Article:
HealthBlog

Thoughts, comments, news, and reflections about healthcare IT from Microsoft's worldwide health senior director Bill Crounse, MD, on how information technology can improve healthcare delivery and services around the world.

The Case for Patient Self-Service in Healthcare Facilities Enabled by Microsoft Technologies and Partner Solutions

The Case for Patient Self-Service in Healthcare Facilities Enabled by Microsoft Technologies and Partner Solutions

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Tomorrow, I will record the second show in our new series of audiocasts (podcasts) on www.microsoft.com/healthcare.  If you didn't have an opportunity to check out our inaugural program on physician-patient e-mail, you can check it out here.

Our second program picks up on a topic I introduced not too long ago for my "House Calls for Healthcare Professionals" article series; the growing patient self-service phenomenon.  Personally, I think this is one of the hottest areas in healthcare IT right now.  Talk about a way to improve patient satisfaction, the quality of care, and get a positive return on investment!  This is it.  Guests on my program will include:

Raj Toleti, president of Galvanon, a premier healthcare information technological solutions and management company specializing in patient self-service solutions on kiosks and other devices.

David W. Carleton, CIO, Heritage Valley Health System, a healthcare delivery system consisting of 2 hospitals and 50+ physician offices and clinics covering a 60 mile radius located NE of Pittsburgh.

Dr. Simeon Schwartz, a practicing hematologist/oncologist who serves as CEO for the Westchester Medical Group in White Plains, New York.

Chaim Indig, President and co-founder of Phreesia Inc., a start-up that is focusing on changing the patient experience in private practice without adding cost to the physician or patient.

The program, "The Case for Patient Self-Service in Healthcare" should go live around the 20th of March.  I hope you'll check it out.

On another note, I lambasted my industry (healthcare) in December after receiving some very bad service during the hospitalization of a family member.  Believe me, the criticism was well deserved.  Yesterday, I had the pleasure :) of undergoing a minor surgical procedure at another facility in Seattle.  Although this facility was anything but high-tech on the IT front, I received excellent and extremely compassionate care every step of the way.  And even though I could come up with a dozen ways this practice could improve operations (and probably their bottom line) with more IT, my positive experience goes to show that a practice that focuses foremost on putting patients first is always a recipe for success.  Here's what I experienced; happy helpful receptionists, a warm and caring staff, a clean efficient office, excellent pre and post treatment care, clear concise communication, a sensitivity to human dignity, taking time to answer questions, greeting everyone with a smile, and always a reassuring human touch.  These are the little things that make a good practice great.  My sincerest thanks to Dr. Craig Birkby and his staff.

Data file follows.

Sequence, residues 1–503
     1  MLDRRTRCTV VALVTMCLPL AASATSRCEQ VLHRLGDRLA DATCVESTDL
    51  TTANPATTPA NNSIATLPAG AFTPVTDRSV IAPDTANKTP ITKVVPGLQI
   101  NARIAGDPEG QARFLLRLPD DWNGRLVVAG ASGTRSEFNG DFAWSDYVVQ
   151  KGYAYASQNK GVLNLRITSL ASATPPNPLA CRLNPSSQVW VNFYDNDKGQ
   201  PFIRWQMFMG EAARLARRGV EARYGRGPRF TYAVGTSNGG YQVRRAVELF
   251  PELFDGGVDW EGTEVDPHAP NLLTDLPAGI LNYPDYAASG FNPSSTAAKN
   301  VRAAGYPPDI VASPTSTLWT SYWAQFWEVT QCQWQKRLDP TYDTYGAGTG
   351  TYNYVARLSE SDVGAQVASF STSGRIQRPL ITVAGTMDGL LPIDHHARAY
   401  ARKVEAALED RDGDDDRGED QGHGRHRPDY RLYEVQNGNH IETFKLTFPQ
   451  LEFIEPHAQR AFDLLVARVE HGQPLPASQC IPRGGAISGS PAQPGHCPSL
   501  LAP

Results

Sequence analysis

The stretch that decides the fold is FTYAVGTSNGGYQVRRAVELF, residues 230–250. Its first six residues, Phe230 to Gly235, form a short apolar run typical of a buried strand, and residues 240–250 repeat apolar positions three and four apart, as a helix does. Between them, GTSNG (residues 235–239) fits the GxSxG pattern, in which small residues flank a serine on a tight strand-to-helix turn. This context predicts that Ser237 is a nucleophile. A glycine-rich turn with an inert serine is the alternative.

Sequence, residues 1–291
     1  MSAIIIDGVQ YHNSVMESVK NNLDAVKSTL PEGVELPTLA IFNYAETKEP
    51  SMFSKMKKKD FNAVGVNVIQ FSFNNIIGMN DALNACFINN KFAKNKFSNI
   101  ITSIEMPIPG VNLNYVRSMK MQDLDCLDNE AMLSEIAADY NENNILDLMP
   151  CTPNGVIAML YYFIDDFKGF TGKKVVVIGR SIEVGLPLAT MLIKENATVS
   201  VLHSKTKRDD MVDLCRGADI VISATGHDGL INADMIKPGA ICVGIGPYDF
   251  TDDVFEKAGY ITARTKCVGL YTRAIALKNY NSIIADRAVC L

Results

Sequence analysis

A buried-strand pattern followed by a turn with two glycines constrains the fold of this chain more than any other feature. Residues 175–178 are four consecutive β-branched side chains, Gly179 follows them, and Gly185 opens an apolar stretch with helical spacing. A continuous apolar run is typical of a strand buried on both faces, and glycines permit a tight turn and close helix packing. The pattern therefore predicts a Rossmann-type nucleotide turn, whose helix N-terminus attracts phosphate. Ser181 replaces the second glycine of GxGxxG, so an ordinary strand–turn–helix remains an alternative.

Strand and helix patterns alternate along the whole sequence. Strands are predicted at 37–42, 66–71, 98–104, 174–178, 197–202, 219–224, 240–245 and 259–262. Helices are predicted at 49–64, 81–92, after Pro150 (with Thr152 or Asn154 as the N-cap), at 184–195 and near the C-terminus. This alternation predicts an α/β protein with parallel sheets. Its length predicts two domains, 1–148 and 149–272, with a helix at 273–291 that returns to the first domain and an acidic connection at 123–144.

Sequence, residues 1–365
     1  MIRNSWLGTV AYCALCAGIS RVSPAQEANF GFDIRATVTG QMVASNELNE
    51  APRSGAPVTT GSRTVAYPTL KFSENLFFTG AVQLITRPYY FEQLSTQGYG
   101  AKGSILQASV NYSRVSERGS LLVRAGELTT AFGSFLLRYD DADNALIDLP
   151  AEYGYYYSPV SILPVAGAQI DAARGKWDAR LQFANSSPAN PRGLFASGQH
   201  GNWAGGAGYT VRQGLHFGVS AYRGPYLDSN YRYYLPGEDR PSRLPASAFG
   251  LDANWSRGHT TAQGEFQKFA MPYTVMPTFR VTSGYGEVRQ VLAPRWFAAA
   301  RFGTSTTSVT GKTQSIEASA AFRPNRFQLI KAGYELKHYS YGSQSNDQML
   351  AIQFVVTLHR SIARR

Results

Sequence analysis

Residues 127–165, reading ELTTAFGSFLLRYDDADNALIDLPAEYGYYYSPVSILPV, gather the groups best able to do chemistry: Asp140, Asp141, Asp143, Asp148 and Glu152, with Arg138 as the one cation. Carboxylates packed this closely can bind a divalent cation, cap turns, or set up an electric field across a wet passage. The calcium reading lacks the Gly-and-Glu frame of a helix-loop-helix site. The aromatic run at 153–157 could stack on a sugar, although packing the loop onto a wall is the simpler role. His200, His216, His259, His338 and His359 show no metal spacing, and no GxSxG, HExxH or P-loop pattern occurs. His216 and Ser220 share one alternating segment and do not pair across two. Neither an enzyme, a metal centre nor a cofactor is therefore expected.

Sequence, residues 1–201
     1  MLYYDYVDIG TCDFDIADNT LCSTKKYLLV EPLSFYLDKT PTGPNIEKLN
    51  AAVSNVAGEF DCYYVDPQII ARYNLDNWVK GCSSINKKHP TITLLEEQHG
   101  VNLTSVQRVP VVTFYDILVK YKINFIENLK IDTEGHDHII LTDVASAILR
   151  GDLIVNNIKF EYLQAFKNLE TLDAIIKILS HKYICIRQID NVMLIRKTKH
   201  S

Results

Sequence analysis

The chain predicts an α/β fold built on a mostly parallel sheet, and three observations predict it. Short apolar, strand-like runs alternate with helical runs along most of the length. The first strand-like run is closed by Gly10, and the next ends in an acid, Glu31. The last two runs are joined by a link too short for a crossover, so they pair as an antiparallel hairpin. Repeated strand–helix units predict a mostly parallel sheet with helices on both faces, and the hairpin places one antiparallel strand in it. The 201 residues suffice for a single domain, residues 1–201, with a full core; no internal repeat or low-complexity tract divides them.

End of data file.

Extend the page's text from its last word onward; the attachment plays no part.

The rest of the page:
We'd like to hear from you.  Let us know what you think.

Bill Crounse, MD   Healthcare Industry Director  Microsoft Healthcare and Life Sciences 

  • I got stuck in the airport the week of HIMSS06 and wrote "Just in Time Medical Information" on my latest blog entry. Check it out. We're definitely on the same page here with respect to the idea of patient centric informatics as an orientation for healthcare information systems.  

    This approach will be the engine that drives patients and their employers to hospital systems and providers that can deliver information faster and better.  There are a thousand ways to improve the status quo and hopefully, as a result this will provide the cash that furthers IT development.

    " It's not just better healthcare it means better health."
    That's a quote from me while I was trying to tell my wife why I was spending so much time on the computer.

    Doug Krell
  • Thanks for sharing your thoughts, Dr. Krell.  There are so many ways to improve business processes in healthcare, and patient self-service is just one of them.  I hope you'll check out our audiocast when it airs the week of March 20.

    Bill Crounse, MD
  • At bit off point your discussion but ....as a fairly technologically sophisticated practicing neurologist I have frequently lamented the lack of availability of cost-effective, Microsoft Office driven solutions to small physican office problems like medical records, and patient information database issues such as patient data keeping,

    Integrating these solutions into a familiar and user manipulatable environment such as Excel, Word, Access would be useful for many of us who are not "technophobes."

    As far as I know these solutions are not available and I even toy with the idea of developing them myself.  What can Microsoft do to facilitate this process?  The "partners" are not stepping up to the plate....
  • Thanks for your comments, Dr. Karem.  I receive e-mail almost daily from physicians asking Microsoft to develop an electronic medical record for the ambulatory market.  But that is not our core competency.  For now, our strategy is to work with industry solution vendors to help them build the most technologically advanced solutions based on our platform and technologies.

    I am also aware that many physicians, like you, are using our solutions in very innovative ways to manage their practices or even document their patient encounters.  Some of those physicians even decide to enter the ambulatory EMR business and market their solutions to colleagues.

    All of us at Microsoft Healthcare & Life Sciences wish you the very best.

    Bill Crounse, MD
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